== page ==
Pellegrini officially joined the force in 2001, purposely taking badge No. 3722, the same number his father—Gennaro Sr.—a 27-year Philadelphia police veteran wore before retiring.
So when Gerry got the call in April 2004 that his National Guard unit would be activated and sent to Iraq for a year, he moved quickly to make sure he fought at least once professionally before he left.
“Words can’t express how important that was to Gerry, because it might have been in the back of his mind that he wouldn’t be back to try again,” said Pellegrini’s sister, Kim Petaccio, whom Gerry lived with in the Port Richmond section of Philadelphia.
“Aside from following in my father’s footsteps as a police officer, it was Gerry’s dream to become a professional boxer. I just don’t understand it.
“We’re all bewildered by what happened to Gerry over there. That’s why my family keeps the families who have relatives over there in our prayers. A lot of good things have happened since Gerry’s death. The outpouring we’ve received from people has been tremendous. It’s brought a lot of people together. It’s just a shame that it had to happen this way.”
According to the Pennsylvania Department of Military and Veterans Affairs, Pellegrini was one of five state National Guardsmen killed in Iraq on Aug. 9, 2004 in two separate attacks. In the first incident, the attack claimed the lives of Pellegrini, Pfc. Nathaniel Detample, 19, Morrisville; Spc. John Kulick, 35, Jenkintown; and Sgt. Francis Straub Jr., 24, Philadelphia. In the second incident, Staff Sgt. Ryan S. Ostrom, 29, a member of Company B, 109th Infantry, Williamsport, Pa., was killed in action later that day.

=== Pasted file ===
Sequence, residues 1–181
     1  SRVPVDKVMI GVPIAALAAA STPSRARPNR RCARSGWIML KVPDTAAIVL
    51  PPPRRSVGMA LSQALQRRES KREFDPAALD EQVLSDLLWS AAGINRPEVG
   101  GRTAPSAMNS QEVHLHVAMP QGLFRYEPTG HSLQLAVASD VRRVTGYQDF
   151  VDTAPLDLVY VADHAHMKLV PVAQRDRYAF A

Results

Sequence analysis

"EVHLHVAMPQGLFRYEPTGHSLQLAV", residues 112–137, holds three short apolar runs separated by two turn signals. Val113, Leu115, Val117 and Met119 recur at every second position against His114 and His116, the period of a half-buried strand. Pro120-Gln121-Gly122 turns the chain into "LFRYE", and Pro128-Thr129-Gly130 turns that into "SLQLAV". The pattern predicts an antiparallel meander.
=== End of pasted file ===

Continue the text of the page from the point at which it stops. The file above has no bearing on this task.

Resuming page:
While in Iraq, Pellegrini developed a pen-pal correspondence with students at the Horatio B. Hackett School in Philadelphia.
One of his letters explained how harsh the war has been for Iraqi children, many he came across walked barefoot through the shards of broken glass on hot dessert sand. The children from Hackett School collected 350 pairs of flip-flops and sent them over to Gerry.
Every time Pellegrini tried distributing the flip-flops, he would have to seek the refuge of his Humvee, besieged with children. He gave them out in intervals, just like he’d often distribute candy to Iraqi kids.
“That’s just the kind of kid Gerry was,” said District 26 Police Capt. Lou Campione, who was patrolman Pellegrini’s commanding officer for four years.
“When we heard the news of Gerry’s death, it hit real hard. I informed everyone at roll call that morning, Aug. 9, when we heard what occurred. You can’t mask the emotion and hold it back. But Gerry got to fulfill his life’s dream. He got to fight. The last thing he said to me was, ‘See you in November.'”
So somewhere you hope Gerry is smiling and high-fiving everyone around him. Somewhere you hope that his ultimate sacrifice, after what was announced yesterday, will always be remembered.